"I WISH that I had a fortune-book," said one of 

three boys, as they walked together down to the 

river to skate. "I want to know what my luck is 

to be. I've tried to buy one; but there's none to 


"I have got one," said the barber's son.

"Got one!" cried William eagerly. 

"Why did you not tell us about it before? 

Where is it?"

"Down at the shop," answered the   barber's son.

"And it does tell what's coming to pass, does it?" 

asked the third boy.

"Yes, it does."

"But how do you know?" asked the third boy. 

"You have not lived long enough to know if it has 

told your fortune right."

"Why, you see it is a very old book," said the 

barber's son. "My grandfather had it, and it told 

his fortune; then my father had it, and it told his; 

and it all came to pass."

"It beats all," cried William. "What a prize! Why 

don't you go round telling fortunes? You would 

make lots of money.''

"I am afraid nobody would believe me," 

said the barber's son, humbly.

"Well, show it to us," said they.

"Come down to the shop, then, tonight," 

he said; "come just after we shut up."

"Sell it to me," cried William.

"I can not part with mine," the barber's son 

answered; "but you can get one where mine 

came from."

"I will have one. But we will come and try our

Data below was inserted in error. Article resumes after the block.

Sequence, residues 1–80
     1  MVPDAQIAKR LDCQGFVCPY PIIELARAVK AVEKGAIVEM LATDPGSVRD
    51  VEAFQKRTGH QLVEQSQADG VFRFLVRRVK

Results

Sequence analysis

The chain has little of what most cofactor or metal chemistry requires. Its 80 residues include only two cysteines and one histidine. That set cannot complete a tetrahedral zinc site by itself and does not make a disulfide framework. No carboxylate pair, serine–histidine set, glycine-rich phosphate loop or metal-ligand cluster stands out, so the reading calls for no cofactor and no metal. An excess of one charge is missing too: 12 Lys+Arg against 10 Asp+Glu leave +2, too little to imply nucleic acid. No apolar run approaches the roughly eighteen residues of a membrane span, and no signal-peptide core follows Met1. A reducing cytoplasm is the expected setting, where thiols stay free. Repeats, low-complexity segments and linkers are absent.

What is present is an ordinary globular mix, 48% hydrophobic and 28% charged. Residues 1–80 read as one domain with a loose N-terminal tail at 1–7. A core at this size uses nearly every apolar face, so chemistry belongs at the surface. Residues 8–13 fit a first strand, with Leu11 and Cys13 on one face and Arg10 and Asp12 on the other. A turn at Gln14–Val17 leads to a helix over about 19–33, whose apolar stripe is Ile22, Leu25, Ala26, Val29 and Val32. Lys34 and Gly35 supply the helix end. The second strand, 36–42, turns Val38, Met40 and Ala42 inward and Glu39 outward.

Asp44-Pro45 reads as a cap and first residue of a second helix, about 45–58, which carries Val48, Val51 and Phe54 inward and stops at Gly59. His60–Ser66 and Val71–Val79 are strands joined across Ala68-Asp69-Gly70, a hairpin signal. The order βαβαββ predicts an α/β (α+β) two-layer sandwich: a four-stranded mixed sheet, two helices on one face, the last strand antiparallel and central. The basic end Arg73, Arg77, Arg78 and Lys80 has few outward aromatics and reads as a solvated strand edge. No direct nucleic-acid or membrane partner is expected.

luck with yours."

"Agreed," said they all.

The two boys were before time, and hung around 

the shop until every customer had gone, and the 

shutters were put up; then in they went. The 

barber's son asked them to be seated, and drew 

a little table out, and placed a lamp on it. Then 

he went to the back part of the shop, and 

opening a little trunk, took the book out, 

and laid it upon the table, the boys narrowly 

eying him all the time.

"There," he said in a very sober tone, when he 

laid the book on the table; "there, boys, that is 

my fortune-telling book. What it says is sure."

The two boys eagerly gazed on the table. "The 

Bible!" they exclaimed at once, shrinking back.

"Yes," said the barber's son, "that was my 

father's Bible; and it says there are but just two 

ways for you and for me to try our chances in 

this world. One is called the ' broad way,' and 

the other the 'strait and narrow way.'" Such a 

fortune-telling book the boys were not thinking 

of; but it is the only kind that does not deceive